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Sep 06, 2023

How to approach your first 100 days in a new IR role

Your initial weeks and months are about setting yourself up to succeed, say IROs and consultants

When Pamela Keck, vice president of investor relations and corporate communications at German biotech Medigene, took up her role on February 1 this year, there was plenty to do. Her position had been unfilled for a number of months and executives were eager for her to hit the ground running. ‘There was no honeymoon period,’ she jokes to IR Magazine.

Thankfully, it wasn’t the first time Keck had arrived in a new IR role – far from it, in fact. Over the last 15 years, she has set up or taken over IR departments at several listed companies, both in Europe and North America. While every challenge has been unique, she says the first 100 days are always crucial. ‘You know what? It sets the tone,’ she explains.

Naturally, the first 100 days in any role are vital. It’s the time when you make first impressions, give a taste of your capabilities and are under the most scrutiny. US presidents, famously, are judged on their first 100 days. That tradition dates from 1933, when Franklin D Roosevelt, newly installed as commander-in-chief, conducted a rapid blitz of 77 new laws in a bid to revive the economy.

Pamela Keck of Medigene
Pamela Keck, Medigene

But the first 100 days don’t have to be a whirlwind of activity. It will depend on the specific circumstances of the organization. In fact, experienced leaders often caution against trying to do too much before you have your feet properly parked under the table.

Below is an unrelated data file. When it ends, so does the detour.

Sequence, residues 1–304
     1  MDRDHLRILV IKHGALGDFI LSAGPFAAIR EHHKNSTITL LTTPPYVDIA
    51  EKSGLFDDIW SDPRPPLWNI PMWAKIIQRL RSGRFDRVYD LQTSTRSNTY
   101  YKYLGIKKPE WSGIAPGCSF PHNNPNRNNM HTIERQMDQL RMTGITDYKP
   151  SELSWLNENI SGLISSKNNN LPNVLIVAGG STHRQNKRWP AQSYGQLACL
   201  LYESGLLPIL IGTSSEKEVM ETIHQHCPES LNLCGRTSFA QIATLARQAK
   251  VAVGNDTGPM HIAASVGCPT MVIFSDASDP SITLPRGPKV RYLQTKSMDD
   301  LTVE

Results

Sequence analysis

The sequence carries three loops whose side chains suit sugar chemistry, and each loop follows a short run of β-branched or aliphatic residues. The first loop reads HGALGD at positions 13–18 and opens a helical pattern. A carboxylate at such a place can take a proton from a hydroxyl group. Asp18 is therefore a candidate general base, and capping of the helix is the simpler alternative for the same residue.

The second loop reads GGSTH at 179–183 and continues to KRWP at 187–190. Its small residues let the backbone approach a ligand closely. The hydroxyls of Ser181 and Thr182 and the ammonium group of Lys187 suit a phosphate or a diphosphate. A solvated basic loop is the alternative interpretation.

‘Your immediate thought is that the first 100 days are the most important you’re going to have,’ says Hunter Blankenbaker, vice president of IR at Barnes & Noble Education and a 20-year IR veteran.

‘But those first 100 days are when you’re getting to know your teams – management, financial planning & analysis (FP&A), accounting, communications and legal – and are really ingraining yourself in the culture of the company. And you’re starting to build that plan for the next year or two, which I think is incrementally more important.’

Different scenarios 

Your focus at the start of a new job will depend on the company’s situation. If you are setting up an IR department, it will involve creating new processes and teaching others about the demands of stock-market life.

If you’re succeeding another IRO, it’s more a question of taking inventory and thinking about how to amend the existing program. In today’s market environment, it’s more likely to be the latter, points out Alex Jorgensen, managing director and head of IR at Prosek Partners, a consultancy.

‘The first 100 days are going to be different for everyone, not just because of the industry you’re in, but because of the market conditions,’ he explains.

Alex Jorgensen of Prosek
Alex Jorgensen, Prosek Partners

‘If we were talking in 2021, it most likely would be a fresh IPO or special purpose acquisition company combination. But the environment we’re in, where the IPO market has in effect been shut down for a year, means your first 100 days are probably with a company that has been public for a long time, or at least for a time prior to you joining.’

Of course, a lot of preparation happens before day one. Blankenbaker, whose previous IR roles were at Justworks, Vonage, Verizon, Terremark (later acquired by Verizon) and TOUSA, says you should already be well prepped from the interview process.

‘You’ve done a good assessment of the competitive environment, you’ve read through all the Qs and Ks and got acquainted with the model,’ he says. ‘Sometimes I’ve even built my own model of the company. You have this view you’ve built up during the whole process. And then day one is when you come in and start to stress-test some of your thoughts about how you can change things.’